Some people, however, disregarding the dependence of human reason on Divine Wisdom and the need, given the present state of fallen nature, for Divine Revelation as an effective means for knowing moral truths, even those of the natural order,62 have actually posited a complete sovereignty of reason in the domain of moral norms regarding the right ordering of life in this world. Such norms would constitute the boundaries for a merely “human” morality; they would be the expression of a law which man in an autonomous manner lays down for himself and which has its source exclusively in human reason. In no way could God be considered the Author of this law, except in the sense that human reason exercises its autonomy in setting down laws by virtue of a primordial and total mandate given to man by God. These trends of thought have led to a denial, in opposition to Sacred Scripture (cf. Mt 15:3-6) and the Church’s constant teaching, of the fact that the natural moral law has God as its author, and that man, by the use of reason, participates in the eternal law, which it is not for him to establish.
37. In their desire, however, to keep the moral life in a Christian context, certain moral theologians have introduced a sharp distinction, contrary to Catholic doctrine,63 between an ethical order, which would be human in origin and of value for this world alone, and an order of salvation, for which only certain intentions and interior attitudes regarding God and neighbour would be significant. This has then led to an actual denial that there exists, in Divine Revelation, a specific and determined moral content, universally valid and permanent. The word of God would be limited to proposing an exhortation, a generic paraenesis, which the autonomous reason alone would then have the task of completing with normative directives which are truly “objective”, that is, adapted to the concrete historical situation. Naturally, an autonomy conceived in this way also involves the denial of a specific doctrinal competence on the part of the Church and her Magisterium with regard to particular moral norms which deal with the so-called “human good”. Such norms would not be part of the proper content of Revelation, and would not in themselves be relevant for salvation.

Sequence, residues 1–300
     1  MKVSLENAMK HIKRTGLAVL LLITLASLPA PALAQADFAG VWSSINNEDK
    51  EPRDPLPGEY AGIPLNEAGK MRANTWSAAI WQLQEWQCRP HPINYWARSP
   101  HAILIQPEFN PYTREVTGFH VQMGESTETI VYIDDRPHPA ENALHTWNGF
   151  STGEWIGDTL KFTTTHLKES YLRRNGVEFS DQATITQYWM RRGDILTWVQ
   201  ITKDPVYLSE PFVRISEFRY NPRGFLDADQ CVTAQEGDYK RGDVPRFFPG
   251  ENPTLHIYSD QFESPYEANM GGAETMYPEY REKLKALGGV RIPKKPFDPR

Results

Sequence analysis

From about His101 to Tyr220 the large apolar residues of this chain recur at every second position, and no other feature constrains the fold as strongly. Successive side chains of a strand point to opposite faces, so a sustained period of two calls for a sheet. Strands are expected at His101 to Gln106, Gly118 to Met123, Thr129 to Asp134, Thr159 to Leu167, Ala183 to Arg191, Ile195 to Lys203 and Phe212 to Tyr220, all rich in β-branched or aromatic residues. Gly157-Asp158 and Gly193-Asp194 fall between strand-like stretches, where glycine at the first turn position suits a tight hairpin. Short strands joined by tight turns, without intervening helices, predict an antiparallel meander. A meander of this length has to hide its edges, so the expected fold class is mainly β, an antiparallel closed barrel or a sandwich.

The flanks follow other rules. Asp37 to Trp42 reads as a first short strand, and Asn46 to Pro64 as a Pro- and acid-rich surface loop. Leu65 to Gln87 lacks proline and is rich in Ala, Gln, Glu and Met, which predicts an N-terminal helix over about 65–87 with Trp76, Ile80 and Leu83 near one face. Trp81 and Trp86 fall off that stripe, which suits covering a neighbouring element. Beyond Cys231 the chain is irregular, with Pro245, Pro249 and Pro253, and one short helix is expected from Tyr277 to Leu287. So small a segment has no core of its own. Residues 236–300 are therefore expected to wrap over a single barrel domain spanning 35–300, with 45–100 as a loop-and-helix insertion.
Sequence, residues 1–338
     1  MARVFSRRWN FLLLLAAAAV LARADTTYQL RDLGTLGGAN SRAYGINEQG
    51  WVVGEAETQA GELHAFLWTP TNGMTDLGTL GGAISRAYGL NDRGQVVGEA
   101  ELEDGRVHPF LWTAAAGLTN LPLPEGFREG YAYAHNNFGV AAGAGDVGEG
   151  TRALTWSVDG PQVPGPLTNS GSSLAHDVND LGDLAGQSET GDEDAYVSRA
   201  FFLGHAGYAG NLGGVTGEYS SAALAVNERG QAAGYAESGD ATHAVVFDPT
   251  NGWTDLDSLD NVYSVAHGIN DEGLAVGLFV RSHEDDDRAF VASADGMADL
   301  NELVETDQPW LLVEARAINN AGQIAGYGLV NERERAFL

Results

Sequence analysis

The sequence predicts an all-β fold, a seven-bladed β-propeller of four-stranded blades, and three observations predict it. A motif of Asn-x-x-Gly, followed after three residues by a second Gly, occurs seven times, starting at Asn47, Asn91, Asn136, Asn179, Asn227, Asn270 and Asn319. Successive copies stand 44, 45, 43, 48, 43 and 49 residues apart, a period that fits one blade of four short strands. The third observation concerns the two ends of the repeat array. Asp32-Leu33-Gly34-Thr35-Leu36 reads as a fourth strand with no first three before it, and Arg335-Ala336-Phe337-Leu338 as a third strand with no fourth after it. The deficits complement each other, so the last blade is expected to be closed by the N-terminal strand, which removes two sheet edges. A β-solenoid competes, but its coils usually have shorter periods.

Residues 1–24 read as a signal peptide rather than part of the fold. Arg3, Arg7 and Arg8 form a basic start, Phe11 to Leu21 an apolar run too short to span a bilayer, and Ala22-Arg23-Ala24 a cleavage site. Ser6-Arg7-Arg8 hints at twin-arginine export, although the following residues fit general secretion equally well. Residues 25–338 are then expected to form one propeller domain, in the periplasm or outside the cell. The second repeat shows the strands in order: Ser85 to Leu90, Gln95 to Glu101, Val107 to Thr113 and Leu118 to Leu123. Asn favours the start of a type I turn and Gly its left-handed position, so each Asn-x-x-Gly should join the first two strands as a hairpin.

No one can fail to see that such an interpretation of the autonomy of human reason involves positions incompatible with Catholic teaching.
In such a context it is absolutely necessary to clarify, in the light of the word of God and the living Tradition of the Church, the fundamental notions of human freedom and of the moral law, as well as their profound and intimate relationship. Only thus will it be possible to respond to the rightful claims of human reason in a way which accepts the valid elements present in certain currents of contemporary moral theology without compromising the Church’s heritage of moral teaching with ideas derived from an erroneous concept of autonomy.